Yes, if you have a normal cycle (which is, on average, twenty-eight days, though it varies from woman to woman), then your period should have arrived around February 20th.
However, something to keep in mind is that, although they're helpful for having a general idea of when your period is due and when you're fertile, pregnancy, ovulation and period trackers can't accurately tell you when you've ovulated or when you're fertile based merely on dates. That's because sometimes we ovulate earlier than expected, later than expected, or, sometimes, just not at all. An app won't know that unless you're also temping and charting.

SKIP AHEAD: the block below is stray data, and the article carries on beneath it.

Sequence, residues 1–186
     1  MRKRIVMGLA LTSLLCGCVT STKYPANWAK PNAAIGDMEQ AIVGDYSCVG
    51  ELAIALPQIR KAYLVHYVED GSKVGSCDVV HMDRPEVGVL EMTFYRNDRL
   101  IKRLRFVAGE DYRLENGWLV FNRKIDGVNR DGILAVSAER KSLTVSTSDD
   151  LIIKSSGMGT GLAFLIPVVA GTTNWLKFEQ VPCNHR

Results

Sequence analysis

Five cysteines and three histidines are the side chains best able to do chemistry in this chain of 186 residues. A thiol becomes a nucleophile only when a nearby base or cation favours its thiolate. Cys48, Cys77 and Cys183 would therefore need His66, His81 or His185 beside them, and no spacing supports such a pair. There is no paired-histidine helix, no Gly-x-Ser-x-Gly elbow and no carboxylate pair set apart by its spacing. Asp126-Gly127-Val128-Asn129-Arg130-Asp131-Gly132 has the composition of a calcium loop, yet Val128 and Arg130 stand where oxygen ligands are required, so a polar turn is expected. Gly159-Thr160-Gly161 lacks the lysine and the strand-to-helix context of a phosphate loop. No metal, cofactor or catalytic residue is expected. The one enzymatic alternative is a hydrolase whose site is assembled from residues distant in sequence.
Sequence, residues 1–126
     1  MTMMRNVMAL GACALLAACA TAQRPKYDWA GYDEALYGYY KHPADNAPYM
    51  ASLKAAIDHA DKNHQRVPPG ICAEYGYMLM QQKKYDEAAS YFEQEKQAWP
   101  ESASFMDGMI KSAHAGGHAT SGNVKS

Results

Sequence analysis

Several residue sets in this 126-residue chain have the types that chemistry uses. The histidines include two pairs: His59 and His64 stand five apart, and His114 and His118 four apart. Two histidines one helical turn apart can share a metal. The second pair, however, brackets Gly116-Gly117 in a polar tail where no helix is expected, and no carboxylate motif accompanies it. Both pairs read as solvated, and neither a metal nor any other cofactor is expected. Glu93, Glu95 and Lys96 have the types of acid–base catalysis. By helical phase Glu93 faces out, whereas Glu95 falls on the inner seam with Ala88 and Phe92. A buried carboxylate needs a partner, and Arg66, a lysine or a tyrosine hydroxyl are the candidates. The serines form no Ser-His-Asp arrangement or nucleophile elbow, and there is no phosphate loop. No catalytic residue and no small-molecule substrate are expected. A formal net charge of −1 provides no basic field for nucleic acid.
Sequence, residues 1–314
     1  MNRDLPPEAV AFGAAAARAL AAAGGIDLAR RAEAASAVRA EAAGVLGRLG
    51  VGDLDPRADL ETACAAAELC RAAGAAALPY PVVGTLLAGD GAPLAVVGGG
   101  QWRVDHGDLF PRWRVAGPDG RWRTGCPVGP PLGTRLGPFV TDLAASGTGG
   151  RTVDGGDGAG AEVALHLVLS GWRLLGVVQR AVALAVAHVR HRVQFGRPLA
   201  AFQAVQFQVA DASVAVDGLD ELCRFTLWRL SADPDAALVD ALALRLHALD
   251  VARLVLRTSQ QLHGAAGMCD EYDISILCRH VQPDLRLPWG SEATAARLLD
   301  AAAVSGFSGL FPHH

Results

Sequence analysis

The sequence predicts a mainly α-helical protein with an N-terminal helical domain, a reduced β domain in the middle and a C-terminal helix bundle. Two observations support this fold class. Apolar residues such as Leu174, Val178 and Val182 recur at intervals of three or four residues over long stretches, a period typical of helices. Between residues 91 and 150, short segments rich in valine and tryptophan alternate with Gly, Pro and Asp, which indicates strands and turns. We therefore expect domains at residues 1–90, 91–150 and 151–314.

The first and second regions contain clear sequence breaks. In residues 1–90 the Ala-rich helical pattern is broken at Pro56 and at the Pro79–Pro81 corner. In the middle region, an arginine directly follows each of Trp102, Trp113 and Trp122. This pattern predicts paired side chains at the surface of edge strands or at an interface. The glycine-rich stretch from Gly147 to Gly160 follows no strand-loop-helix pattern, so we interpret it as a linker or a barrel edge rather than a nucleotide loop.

You should take one more test. If you ovulated late, it's possible that it was too early for a test to show positive. If that test is still negative, then you can call your doctor or OBGYN and let them know what's going on. They can perform a simple blood test that's usually more accurate and sensitive than a urine test to check for pregnancy.
Unfortunately, it's that time of year when we're all passing viruses along to each other, and it's possible that your off-feeling and late period have to do with a virus.